Now, with a Supermodel wife and two small kids at home, and something that at least resembles a life in dim light, I don’t think I could ever get that obsessed about Scrabble.  But I enjoy playing it, I think I’m pretty good at it, and I like being able to compete in something I like doing and can do well.  I’m also intrigued by the possibility of finding out just how good I am, and how good I can become without becoming a loopy-loo about it.  So lately, at least until a few weeks ago, I was going to the Pogo game website and playing the game there.

Playing at Pogo isn’t competitive-level; the other players are dilettantes like myself.  You’re allowed to use an online dictionary that the site provides, and they even give you a list of all legal two-letter words (very important building blocks for certain kinds of plays).  But it at least gives you a chance to practice against others of similar skill level (or against the computer), to learn the rules and the nuances of play, and to see what you’re made of.  And I’ve done pretty well, first at the Advanced level and then at Expert (one step below the top level, Master).  I’ve won about three games for every one I’ve lost, anyway.

That’s boosted my confidence to the point that I’m thinking about checking out one of the nearby NSA-supported clubs and going against live, in-person humans.  I’m not there yet, and it will require some planning, as the nearest ones are in Sacramento and the eastern San Francisco Bay (all at least 50 miles/80 km from Stockton).  But why not, if I have the time?  I may even get the chance to earn some official NSA ranking that lets me know where they feel I rate – that might be fun.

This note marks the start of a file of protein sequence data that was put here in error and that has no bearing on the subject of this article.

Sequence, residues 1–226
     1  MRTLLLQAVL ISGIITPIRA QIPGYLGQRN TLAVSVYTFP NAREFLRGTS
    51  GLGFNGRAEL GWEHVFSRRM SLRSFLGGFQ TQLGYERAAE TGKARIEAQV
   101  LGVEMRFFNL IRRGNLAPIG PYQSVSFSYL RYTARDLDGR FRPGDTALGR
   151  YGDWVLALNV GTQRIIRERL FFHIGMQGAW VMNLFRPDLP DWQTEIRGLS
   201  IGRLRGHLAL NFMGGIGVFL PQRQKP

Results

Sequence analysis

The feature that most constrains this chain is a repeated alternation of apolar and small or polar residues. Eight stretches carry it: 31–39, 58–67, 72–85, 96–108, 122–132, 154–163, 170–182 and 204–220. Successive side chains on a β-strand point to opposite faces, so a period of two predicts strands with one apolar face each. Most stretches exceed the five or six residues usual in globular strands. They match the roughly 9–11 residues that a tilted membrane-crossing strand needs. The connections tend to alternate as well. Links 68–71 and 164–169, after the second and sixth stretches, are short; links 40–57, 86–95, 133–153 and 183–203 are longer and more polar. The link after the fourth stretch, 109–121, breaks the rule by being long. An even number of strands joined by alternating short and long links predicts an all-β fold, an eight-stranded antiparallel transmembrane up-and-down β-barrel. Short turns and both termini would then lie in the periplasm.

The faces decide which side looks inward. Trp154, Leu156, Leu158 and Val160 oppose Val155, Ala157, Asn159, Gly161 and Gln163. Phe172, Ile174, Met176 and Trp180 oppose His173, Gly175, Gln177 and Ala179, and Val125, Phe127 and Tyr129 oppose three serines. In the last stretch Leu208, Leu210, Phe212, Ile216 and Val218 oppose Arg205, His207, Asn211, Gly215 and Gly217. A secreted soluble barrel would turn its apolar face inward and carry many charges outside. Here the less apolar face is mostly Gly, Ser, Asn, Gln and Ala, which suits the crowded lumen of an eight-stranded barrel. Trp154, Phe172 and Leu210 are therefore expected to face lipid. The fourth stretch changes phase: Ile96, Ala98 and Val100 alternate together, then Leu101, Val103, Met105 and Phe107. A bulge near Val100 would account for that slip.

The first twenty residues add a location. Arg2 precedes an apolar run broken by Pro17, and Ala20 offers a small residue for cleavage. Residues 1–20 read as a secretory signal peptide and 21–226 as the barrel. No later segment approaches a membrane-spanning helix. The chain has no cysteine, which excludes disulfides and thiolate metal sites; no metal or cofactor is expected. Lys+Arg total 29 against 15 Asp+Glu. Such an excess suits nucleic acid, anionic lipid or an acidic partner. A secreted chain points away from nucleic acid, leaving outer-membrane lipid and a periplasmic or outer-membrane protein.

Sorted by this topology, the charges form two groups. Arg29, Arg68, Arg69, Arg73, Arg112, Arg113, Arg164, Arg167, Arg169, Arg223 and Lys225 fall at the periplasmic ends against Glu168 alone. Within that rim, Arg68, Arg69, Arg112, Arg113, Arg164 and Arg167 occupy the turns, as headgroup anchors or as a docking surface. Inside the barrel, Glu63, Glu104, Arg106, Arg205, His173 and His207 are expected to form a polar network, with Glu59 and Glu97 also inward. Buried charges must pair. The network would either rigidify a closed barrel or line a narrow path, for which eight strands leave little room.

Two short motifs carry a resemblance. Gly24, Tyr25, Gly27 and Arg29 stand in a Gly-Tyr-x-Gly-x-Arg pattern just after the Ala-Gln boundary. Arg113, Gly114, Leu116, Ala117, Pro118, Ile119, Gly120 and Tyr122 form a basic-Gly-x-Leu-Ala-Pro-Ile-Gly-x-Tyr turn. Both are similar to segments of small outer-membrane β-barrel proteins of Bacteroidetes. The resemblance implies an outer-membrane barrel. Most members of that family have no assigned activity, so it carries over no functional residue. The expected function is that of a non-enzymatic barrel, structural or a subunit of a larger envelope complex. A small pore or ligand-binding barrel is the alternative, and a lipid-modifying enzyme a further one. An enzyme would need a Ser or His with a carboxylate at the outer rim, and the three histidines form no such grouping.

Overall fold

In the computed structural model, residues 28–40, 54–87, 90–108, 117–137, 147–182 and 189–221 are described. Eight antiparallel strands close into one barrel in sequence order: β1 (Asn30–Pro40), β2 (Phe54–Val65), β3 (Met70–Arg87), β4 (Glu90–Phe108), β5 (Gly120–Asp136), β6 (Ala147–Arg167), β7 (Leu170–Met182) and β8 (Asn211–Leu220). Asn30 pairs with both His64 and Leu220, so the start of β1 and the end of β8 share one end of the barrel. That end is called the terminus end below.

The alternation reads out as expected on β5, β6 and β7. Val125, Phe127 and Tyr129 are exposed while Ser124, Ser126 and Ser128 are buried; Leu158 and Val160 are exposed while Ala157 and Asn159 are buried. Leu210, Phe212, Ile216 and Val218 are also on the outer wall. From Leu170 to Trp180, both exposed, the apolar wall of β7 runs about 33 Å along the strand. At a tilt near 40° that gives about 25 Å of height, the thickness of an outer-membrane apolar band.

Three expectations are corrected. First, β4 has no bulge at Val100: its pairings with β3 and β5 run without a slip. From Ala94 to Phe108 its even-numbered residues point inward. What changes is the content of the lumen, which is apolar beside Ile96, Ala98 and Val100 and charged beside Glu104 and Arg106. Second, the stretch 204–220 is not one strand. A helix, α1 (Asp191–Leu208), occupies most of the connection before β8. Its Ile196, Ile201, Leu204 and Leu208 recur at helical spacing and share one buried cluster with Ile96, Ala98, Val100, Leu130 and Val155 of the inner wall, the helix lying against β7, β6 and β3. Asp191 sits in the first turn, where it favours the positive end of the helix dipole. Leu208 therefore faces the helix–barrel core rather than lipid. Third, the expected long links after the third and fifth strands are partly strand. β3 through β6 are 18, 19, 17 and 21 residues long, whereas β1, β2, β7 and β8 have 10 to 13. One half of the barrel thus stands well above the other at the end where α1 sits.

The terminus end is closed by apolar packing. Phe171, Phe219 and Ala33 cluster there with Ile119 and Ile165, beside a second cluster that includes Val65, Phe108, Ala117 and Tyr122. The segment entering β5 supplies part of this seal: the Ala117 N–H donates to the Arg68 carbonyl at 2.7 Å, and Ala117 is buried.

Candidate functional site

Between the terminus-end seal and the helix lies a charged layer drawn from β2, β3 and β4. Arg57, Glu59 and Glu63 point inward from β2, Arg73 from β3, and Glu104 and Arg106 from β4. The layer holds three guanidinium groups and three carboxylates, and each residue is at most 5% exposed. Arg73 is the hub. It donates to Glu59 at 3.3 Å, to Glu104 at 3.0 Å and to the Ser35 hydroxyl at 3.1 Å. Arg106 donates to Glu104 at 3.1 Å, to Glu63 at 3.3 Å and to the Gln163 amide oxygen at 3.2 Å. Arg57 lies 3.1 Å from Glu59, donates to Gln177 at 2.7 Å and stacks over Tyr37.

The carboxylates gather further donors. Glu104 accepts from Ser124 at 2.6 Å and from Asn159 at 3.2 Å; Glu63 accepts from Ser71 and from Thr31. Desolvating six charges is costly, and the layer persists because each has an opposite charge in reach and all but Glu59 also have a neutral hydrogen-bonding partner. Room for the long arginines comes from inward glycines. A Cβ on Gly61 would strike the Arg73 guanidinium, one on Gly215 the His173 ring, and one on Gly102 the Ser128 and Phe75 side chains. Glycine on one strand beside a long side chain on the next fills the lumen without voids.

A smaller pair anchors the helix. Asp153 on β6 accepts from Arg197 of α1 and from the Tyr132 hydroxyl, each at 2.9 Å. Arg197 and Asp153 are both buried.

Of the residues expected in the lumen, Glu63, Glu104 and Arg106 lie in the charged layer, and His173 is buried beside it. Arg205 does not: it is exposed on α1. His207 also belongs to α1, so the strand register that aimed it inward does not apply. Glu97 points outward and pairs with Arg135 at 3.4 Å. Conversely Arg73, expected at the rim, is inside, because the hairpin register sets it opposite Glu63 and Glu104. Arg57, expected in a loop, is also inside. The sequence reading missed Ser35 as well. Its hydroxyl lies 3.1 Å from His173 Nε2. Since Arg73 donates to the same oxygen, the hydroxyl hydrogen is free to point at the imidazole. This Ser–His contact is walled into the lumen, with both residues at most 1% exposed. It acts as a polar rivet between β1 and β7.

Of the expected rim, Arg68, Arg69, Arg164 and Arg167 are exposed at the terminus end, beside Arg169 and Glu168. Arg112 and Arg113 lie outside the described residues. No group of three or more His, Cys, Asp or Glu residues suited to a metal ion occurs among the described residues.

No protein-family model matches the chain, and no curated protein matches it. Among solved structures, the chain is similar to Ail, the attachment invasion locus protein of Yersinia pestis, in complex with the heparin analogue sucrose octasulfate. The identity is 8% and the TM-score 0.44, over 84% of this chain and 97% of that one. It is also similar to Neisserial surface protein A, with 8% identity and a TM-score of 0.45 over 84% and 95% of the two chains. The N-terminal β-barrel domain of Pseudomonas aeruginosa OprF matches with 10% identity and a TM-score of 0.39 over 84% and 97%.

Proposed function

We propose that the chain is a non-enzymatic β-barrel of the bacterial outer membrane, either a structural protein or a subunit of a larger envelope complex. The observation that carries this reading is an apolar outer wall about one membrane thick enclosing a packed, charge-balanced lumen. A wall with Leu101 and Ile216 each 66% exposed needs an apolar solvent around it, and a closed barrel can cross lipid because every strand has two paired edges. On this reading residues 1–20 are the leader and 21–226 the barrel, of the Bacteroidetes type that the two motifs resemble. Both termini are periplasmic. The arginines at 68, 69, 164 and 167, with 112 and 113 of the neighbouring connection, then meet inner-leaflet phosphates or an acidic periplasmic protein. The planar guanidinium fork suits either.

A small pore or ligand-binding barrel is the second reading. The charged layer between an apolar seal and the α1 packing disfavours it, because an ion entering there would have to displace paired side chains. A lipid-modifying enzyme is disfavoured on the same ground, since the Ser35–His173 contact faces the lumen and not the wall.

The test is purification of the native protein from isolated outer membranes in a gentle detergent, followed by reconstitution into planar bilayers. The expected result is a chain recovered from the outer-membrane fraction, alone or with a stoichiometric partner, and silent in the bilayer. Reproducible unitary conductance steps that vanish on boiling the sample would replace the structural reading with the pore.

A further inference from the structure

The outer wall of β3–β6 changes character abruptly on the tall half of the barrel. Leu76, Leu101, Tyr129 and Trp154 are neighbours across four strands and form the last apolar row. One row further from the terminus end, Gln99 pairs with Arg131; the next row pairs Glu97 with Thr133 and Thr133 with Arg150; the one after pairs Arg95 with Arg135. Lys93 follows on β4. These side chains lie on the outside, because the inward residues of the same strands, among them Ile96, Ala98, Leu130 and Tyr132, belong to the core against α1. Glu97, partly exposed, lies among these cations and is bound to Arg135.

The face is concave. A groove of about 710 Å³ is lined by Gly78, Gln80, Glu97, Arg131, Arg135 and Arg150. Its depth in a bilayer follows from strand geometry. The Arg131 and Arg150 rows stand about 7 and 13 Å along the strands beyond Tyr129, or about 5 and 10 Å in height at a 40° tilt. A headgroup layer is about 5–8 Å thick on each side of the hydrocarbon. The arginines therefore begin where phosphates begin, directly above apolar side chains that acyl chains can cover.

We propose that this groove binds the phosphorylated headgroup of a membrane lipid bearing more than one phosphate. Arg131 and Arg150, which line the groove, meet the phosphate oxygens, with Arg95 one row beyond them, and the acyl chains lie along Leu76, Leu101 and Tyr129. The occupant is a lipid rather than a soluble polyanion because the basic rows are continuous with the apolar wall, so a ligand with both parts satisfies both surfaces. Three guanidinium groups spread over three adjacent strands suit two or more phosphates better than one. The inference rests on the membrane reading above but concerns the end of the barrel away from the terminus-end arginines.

After a few weeks’ hiatus due to being busy, I got back on the 15×15 board today to commune with the English language and the electronic equivalent of those hundred wooden tiles.  I was worried I might be rusty, so I decided to play against the Pogo computer, albeit set at Expert level.  And then the computer played SWORE as the first word, I looked at my rack and saw B, L, O, R, U, W, blank … and started getting ideas.  I tried a few, checked the online dictionary, and found one that worked: SUBWORLD, using the S from SWORE, the blank as a D and landing the last letter on a triple word score.  Total: 89 points, including 50 for the “bingo” (using all seven tiles on my rack).  I maintained my lead for awhile, began to make more high-scoring plays later in the game, and ended up winning in a walk, 391 to 196.

Yep, I’m back.  And loving it.